ISLAMIC FINANCE IN AFRICAApril 15, 2011 at 3:00 pm | Posted in Africa, Development, Economics, Financial, Globalization, Islam | Leave a comment
3rd Gulf African Bank Annual East & Central Africa Islamic Finance Conference, Nairobi, 28 March 2011.
Njuguna Ndung’u: Islamic finance – a paradigm shift in Africa
Remarks by Prof Njuguna Ndung’u, Governor of the Central Bank of Kenya, at the 3rd Gulf African Bank Annual East & Central Africa Islamic Finance Conference, Nairobi, 28 March 2011.
Mr. Suleiman Shahbal, Chairman, Gulf African Bank Ltd;
Mr. Najmul Hassan, Chief Executive Officer, Gulf African Bank Ltd;
Board Members of Gulf African Bank Ltd here present;
Ladies and Gentlemen:
I am delighted and honoured to have been invited to preside over the opening ceremony of this important conference. At the onset, let me extend a warm welcome to all participants attending the 3rd Gulf African Bank Annual East and Central Africa Islamic Finance Conference, with the theme: “Islamic Finance: A Paradigm Shift in Africa”
Allow me to compliment Gulf African Bank for organising this Islamic Finance Conference. Indeed, this landmark conference brings together financial experts, central bankers, financial regulators, lawyers, financial institutions and Islamic banking consumers from Kenya and beyond. To all international participants, let me extend a particularly hearty welcome, “Karibuni Kenya”.
This conference gives participants the opportunity to discuss emerging industry developments as well as reflect on the gains and challenges since the last Islamic Finance Conference held in May last year.
Ladies and Gentlemen: Sharia compliant banking is viewed by many as the fastest growing segment of the banking sector in the world. In Africa, Islamic banking is a fast growing financial sector attracting all customers even of different religious orientation.
The uptake of Islamic banking is projected to grow exponentially in sub-Saharan Africa. Kenya is among other African countries, that are taking up the lead in Sharia compliant banking services.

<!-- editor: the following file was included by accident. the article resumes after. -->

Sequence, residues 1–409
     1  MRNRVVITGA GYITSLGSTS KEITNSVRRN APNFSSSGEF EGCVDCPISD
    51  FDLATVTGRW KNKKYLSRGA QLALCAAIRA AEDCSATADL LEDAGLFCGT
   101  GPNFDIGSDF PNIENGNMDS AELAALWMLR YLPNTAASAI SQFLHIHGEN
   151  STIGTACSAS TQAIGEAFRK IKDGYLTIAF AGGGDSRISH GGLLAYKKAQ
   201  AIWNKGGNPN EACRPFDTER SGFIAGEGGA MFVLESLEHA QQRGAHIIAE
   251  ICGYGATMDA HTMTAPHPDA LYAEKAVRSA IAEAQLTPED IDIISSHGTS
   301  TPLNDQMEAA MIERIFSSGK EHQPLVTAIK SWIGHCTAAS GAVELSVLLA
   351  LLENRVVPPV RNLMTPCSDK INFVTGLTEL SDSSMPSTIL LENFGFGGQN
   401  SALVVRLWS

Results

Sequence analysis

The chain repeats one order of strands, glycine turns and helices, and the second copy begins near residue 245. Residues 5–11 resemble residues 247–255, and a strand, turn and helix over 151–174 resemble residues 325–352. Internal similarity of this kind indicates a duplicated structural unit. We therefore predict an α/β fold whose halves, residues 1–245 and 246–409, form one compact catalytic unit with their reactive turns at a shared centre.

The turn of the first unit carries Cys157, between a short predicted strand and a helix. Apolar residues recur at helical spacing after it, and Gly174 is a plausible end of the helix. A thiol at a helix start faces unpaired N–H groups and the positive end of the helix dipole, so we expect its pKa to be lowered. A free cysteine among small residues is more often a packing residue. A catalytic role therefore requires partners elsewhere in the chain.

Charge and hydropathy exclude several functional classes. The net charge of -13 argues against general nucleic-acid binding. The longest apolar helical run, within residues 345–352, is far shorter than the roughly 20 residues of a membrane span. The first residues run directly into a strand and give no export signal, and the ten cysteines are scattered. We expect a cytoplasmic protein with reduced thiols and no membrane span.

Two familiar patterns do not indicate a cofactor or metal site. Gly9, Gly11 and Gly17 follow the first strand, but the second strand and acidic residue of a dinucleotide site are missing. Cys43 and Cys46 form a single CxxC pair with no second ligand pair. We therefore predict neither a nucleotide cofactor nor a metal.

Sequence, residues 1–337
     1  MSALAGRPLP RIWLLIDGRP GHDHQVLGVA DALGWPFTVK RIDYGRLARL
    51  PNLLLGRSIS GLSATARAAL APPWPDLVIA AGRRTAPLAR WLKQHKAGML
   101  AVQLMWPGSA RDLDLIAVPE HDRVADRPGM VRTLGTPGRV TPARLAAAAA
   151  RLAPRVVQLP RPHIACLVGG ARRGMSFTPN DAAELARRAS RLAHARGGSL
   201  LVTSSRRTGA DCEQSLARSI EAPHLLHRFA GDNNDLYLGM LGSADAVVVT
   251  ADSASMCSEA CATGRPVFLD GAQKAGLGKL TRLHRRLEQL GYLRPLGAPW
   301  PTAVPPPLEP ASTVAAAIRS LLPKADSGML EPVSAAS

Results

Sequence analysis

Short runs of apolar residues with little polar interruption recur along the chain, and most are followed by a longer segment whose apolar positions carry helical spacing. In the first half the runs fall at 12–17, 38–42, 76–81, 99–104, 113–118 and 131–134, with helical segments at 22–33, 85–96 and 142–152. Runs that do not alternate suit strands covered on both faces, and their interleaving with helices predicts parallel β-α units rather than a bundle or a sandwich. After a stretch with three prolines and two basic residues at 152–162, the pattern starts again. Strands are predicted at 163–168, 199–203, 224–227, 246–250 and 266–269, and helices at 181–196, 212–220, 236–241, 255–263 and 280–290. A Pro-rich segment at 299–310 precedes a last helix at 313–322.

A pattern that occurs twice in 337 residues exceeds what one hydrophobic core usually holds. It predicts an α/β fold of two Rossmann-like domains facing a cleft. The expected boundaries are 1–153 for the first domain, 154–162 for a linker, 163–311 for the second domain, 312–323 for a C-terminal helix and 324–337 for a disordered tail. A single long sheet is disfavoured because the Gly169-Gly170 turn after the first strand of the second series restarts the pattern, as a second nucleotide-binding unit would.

Today, Sharia compliant banking services in Kenya have made huge strides since its introduction in 2007. The banking sector boasts of two exclusively Sharia compliant banks. As at the financial year ended December 31, 2010 the two banks collectively commanded a market share of 0.9% of the banking sector with gross assets of Ksh.16.54bn, net loans and advances of Ksh.9.23bn and deposits of Ksh.13.76bn. The two banks had 58,101 deposit accounts and 2,609 loan accounts as at the end of December 2010 – in less than 4 years of operation.
In addition, several conventional banks now offer Sharia compliant products as part of their product range through specifically created Islamic banking divisions or windows. Other conventional banks have also expressed interest in providing Sharia compliant products to an increasing customer base.
Ladies and Gentlemen: Among the challenges facing Kenya’s ambition to be a hub of Sharia compliant investment products to compliment the Islamic banking in the country are lack of; Shariah compliant investment vehicles, an enabling legal and regulatory framework and awareness by majority of the populace that hinder the uptake of these investments.
For the country to fully embrace Islamic Finance, there is need to extend beyond the offering of Sharia compliant products by introducing such investment vehicles like unit trusts, corporate bonds (sukuks) and insurance (takaful) products and Sharia compliant treasury bills and bonds (government Sukuk).
BIS central bankers’ speeches 12 BIS central bankers’ speeches
It is encouraging to note the ongoing efforts by the Government and other players especially the Capital Markets Authority and Insurance Regulatory Authority to come up with a range of shariah compliant financial products. Already there are positive signals of these efforts with the introduction of Shariah compliant investments and Insurance Products.
It is in this spirit that the Kenyan government through the Finance Act 2010, amended Section 45 of the Central Bank of Kenya Act, to allow the Central Bank as the Government’s fiscal agent to recognize the payment of a “return” rather than “interest” on government securities. This amendment opens up the spectrum of Sharia compliant investments in the country.
Ladies and Gentlemen: The future of Islamic finance in Kenya and in the region remains bright. On its part, the Government of Kenya will continue to pursue policies that create an enabling environment that will eventually culminate in Kenya establishing itself as a regional financial hub as envisaged in Vision 2030. In addition, the Central Bank will continue to partner with the sector to promote financial inclusion by supporting innovation in the Sharia compliant banking sector.
With these few remarks, let me wish all participants to this conference, fruitful deliberations over the next two days and declare the 3rd Gulf African Bank Annual East and Central African Islamic Conference officially opened.